Additionally, these designed artefacts must repeatedly demonstrate that they are novel combinations of material, form, and structure. The pursuit of novelty comes to be punctuated with intellectual property laws, patents, and copyright claims, and designers do their part in the production of privatised knowledge. When thought in terms of novelty and intellectual property, design work seems not so dissimilar from the work that both artists and scientists perform. In Capital is Dead, McKenzie Wark calls this broad class of information workers the “hacker class,” foregrounding their role in manipulating repetition in order to create newness, regardless of whether any of the work involves direct handling of code.
Thinking through the characteristics of this class of workers, Wark questions whether there is common ground and struggle to be fought by both artist and scientist. The ability to engage in this shared struggle, however, is limited by the professional constraints placed on freedom of ideological belonging and expression. Even at the height of the Cold War, artists in the Western world could express explicitly anarchist or communist sympathies. Here we may recall Guy Debord of the Situationist International, who provided a great deal of intellectual inspiration for the Paris student protests of 1968, and had earlier expressed vociferous support and admiration for the Watts Riots of 1965 against racial segregation and police brutality. Conversely, scientists who espoused anti-capitalist views were largely silenced and coerced into performing an ethical neutrality, under the guise of scientific rationality and objectivity.
Suspended somewhere between the arts and the sciences, the design professions tended more towards science’s contrived neutrality, intervening in the Cold War’s ideological battles from behind a veneer of beauty and technical merit. It’s by no coincidence that in 1943, Ayn Rand chose an architect protagonist for The Fountainhead. Howard Roark came to embody the spirit of triumphalist individualism and design genius. Roark’s demonised arch-nemesis Ellsworth Toohey is a socialist architecture critic that Rand modelled after the real-world Harold Laski, who was a relatively well-known Marxist scholar and trade unionist. A real-world Howard Roark would be none other than Philip Johnson, inaugural recipient of the Pritzker prize, who went from being a Nazi sympathiser in the 1930s to shifting the curation at MoMA away from social housing and what he called “doing good” in the 1950s. At this time, mid-century design was being propped up by the U.S. State Department through cultural institutions and in international exhibitions to promote the splendour and largesse of the American capitalist’s lifestyle.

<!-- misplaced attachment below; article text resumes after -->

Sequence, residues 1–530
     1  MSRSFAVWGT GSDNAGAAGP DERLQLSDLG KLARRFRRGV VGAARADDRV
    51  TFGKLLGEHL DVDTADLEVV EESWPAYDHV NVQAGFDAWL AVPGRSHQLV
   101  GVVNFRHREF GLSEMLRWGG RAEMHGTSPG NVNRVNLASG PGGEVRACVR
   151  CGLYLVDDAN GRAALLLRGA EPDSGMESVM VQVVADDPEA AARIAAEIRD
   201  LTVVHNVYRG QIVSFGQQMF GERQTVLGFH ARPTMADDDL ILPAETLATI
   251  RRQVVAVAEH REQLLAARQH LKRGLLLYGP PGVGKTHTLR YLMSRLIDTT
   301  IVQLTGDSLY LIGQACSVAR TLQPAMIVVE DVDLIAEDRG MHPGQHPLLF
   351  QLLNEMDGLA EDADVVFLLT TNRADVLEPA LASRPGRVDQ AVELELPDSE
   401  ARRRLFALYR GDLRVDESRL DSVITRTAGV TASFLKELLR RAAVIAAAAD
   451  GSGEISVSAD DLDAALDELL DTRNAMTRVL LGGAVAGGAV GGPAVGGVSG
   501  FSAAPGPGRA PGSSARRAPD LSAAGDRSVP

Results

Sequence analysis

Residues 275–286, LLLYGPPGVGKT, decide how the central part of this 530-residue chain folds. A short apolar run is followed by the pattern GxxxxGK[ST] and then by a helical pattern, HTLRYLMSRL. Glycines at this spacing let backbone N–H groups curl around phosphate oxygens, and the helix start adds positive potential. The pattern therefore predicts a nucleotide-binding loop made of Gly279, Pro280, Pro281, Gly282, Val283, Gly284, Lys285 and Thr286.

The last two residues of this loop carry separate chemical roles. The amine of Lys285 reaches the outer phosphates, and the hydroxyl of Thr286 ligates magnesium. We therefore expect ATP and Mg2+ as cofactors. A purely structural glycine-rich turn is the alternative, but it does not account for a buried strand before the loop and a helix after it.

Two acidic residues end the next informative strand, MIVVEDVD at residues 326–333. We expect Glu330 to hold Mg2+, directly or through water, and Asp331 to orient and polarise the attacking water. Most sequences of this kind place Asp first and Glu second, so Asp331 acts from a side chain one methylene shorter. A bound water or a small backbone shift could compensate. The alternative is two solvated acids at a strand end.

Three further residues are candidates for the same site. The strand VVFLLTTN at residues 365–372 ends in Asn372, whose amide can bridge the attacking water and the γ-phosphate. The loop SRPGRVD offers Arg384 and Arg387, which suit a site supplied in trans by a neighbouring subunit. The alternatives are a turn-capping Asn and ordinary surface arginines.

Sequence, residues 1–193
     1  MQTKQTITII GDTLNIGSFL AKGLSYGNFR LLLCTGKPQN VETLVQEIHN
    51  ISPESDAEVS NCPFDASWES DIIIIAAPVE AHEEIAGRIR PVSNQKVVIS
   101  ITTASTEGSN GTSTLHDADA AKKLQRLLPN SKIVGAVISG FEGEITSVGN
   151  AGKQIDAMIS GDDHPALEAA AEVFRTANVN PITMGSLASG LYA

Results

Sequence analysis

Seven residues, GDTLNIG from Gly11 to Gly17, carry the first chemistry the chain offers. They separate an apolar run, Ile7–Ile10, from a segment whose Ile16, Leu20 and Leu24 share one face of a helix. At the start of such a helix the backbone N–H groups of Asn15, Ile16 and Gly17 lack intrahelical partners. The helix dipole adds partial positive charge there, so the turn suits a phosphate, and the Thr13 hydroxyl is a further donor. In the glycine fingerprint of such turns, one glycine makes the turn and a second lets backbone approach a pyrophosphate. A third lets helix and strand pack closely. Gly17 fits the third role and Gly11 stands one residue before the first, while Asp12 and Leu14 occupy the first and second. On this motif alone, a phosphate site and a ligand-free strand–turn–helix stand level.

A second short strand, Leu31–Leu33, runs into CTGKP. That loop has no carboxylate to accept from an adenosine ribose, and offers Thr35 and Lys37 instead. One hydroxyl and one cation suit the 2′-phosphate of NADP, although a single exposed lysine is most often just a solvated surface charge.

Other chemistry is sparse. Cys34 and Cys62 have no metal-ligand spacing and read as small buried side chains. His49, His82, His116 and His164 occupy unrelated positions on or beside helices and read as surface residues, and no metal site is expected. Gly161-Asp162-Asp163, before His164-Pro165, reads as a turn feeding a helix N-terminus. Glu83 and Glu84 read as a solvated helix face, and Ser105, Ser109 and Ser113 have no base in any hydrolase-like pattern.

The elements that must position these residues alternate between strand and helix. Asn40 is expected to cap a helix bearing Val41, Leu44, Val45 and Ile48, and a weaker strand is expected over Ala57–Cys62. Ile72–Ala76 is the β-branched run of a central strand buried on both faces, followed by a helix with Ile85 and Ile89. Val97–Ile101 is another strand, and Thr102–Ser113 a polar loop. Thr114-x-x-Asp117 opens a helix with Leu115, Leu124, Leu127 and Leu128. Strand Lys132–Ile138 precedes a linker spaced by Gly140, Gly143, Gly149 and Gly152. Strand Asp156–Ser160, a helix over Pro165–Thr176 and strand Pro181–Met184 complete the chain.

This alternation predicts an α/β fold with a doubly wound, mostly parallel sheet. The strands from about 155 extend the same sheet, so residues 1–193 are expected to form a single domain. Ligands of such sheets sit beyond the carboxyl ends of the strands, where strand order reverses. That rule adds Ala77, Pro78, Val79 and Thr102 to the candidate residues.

On the other side of the Iron Curtain, socialist design approached questions of manual labour and the working class, while continuing to impose hierarchies between different kinds of labour. A relevant example here is Gorazd Čelechovský’s Etarea, a design proposal for an automated ideal city of 135,000 inhabitants near Prague, submitted to the Montreal Expo in 1967. The city’s inhabitants would be scientific workers and intelligentsia who, liberated from the drudgeries of manual labour, could devote their time to intellectual advancement, socialist-humanist self-governance, and leisure. In his belief in the post-industrial intellectual worker as the revolutionary subject of the future, and in reliance on automation as a panacea for the problems of division of labour, Čelechovský resolved that Etarea could be classless because the classes of manual labourers simply did not live in Etarea. It could be less unequal only through more exclusion.
Interior perspective rendering of a bar in Etarea, frequented by members of the intelligentsia, with no service personnel in sight.
Čelechovský, G. 1967a. Etarea. Studie životního prostředí města [Etarea. A Study of Urban Living Environment]. Prague: Státní komise pro techniku & Pražský projektový ústav.
In the historical episodes above, the designer is a specialised expert separate from any conception of the working class, even within socialist design-currents that embraced the liberatory potential of automation. These questions relating to the automated city, design, and labour are handed down to us and they remain unresolved. As we sink deeper into the COVID-19 pandemic, there is a dire need to consider the role of design and automated platforms in allowing governments to re-open businesses and markets. Yet many contemporary design professionals and theorists seem indifferent to history’s lessons about design’s inability to escape the dominant ideologies of its time. They continue to preach the idea that novel design can break out of the political gridlock, that it can resolve our troubled relationship to the natural world in the Anthropocene.